Going Gig: Post-COVID Workforce Trends
Gig Economy Data, Going Gig: Post-COVID Workforce Trends, Hyer

Going Gig: Post-COVID Workforce Trends

All Data Points Towards Continued Gig Economy Growth

If we’ve learned anything throughout the COVID-19 pandemic, it’s that businesses and workers alike, now more than ever—need the gig economy. With both employers and employees trying to adjust to big changes in the economic landscape, it’s an arrangement that suits both parties, giving them opportunities to thrust ahead while retaining some much-needed control and flexibility. Recent gig economy data points to major growth for this approach to work, a silver lining in an otherwise chaotic time.

So how did the gig economy end up being the solution that so many professionals and organizations have turned to? For many, it comes down to sheer necessity. Gartner recently reported that the economic uncertainty of the pandemic caused many workers to lose their jobs—exposing them for the first time to non-standard work models like the gig economy.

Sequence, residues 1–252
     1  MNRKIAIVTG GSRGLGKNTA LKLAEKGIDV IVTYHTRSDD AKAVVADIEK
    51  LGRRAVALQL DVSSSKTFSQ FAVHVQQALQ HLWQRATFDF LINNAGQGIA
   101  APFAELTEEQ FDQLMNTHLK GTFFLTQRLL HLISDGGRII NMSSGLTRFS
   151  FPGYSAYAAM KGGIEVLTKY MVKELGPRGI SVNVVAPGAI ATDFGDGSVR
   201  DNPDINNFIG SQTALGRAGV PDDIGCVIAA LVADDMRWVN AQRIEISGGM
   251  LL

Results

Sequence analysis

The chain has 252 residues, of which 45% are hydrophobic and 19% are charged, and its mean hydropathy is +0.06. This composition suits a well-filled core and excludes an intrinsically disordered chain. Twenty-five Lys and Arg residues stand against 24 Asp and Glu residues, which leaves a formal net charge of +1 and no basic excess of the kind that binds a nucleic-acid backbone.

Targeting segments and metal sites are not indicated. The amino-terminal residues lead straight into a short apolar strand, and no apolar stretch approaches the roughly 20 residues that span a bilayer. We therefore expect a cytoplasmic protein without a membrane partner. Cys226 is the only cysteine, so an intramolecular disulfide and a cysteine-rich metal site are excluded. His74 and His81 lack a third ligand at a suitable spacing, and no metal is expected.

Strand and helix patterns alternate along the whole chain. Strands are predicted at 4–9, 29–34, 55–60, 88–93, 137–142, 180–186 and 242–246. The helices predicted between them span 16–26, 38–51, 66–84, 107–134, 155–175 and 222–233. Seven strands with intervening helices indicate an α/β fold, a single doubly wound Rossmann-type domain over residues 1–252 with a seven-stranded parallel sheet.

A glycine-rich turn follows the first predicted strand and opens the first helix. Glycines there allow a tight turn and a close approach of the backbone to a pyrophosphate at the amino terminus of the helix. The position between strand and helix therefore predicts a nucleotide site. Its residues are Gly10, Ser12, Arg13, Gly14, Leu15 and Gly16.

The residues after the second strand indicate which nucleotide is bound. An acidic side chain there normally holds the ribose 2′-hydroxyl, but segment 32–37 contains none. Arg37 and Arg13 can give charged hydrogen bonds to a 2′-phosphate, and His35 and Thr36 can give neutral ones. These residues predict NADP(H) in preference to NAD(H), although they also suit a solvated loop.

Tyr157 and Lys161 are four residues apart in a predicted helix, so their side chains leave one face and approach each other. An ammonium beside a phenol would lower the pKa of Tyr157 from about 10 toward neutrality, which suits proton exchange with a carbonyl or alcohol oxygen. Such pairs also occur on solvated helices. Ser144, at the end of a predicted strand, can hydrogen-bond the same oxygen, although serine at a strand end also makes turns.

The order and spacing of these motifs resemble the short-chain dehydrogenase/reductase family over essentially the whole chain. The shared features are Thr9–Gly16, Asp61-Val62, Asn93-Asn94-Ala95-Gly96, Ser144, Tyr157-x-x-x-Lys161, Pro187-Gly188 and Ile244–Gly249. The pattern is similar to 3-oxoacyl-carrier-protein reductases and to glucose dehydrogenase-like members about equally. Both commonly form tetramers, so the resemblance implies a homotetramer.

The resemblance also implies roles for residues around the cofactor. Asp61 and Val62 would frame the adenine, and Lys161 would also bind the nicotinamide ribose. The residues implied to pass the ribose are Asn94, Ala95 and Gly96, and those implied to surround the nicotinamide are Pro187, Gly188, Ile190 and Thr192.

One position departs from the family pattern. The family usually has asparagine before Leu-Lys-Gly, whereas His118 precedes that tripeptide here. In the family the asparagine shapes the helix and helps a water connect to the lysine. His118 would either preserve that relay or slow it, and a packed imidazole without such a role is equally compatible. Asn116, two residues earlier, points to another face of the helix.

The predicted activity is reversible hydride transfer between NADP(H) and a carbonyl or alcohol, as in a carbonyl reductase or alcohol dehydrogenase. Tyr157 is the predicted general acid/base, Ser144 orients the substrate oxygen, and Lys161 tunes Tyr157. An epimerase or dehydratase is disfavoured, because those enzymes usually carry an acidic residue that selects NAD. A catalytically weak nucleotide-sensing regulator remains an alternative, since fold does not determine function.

Being flexible and versatile enough to take on gig work is one clear path ahead during uncertain times—and workers have discovered a number of added benefits as well. But they’re not the only ones who find this type of independence beneficial. As we’ll see, companies stand to reap huge rewards from the gig economy as well.

The Percentage of Businesses Using the Gig Economy

Taking on a full-time employee can be both a huge cost and a huge risk. Aside from the research, there’s an abundance of proof that shows that companies leveraging gig workers to reach their goals are doing it in a quick, simple and cost-effective way. In fact, as businesses begin to bounce back, organizations may begin to see the gig economy as more than just a temporary solution during an especially hard time.

Gartner’s analysis of gig economy data shows that organizations will continue to expand their use of contingent workers to maintain more flexibility in workforce management post-COVID-19 and will consider introducing other job models they have seen during the pandemic. “Our research finds that, “32% of organizations are replacing full-time employees with contingent workers as a cost-saving measure,” says Brian Kropp, Distinguished Vice President, Gartner.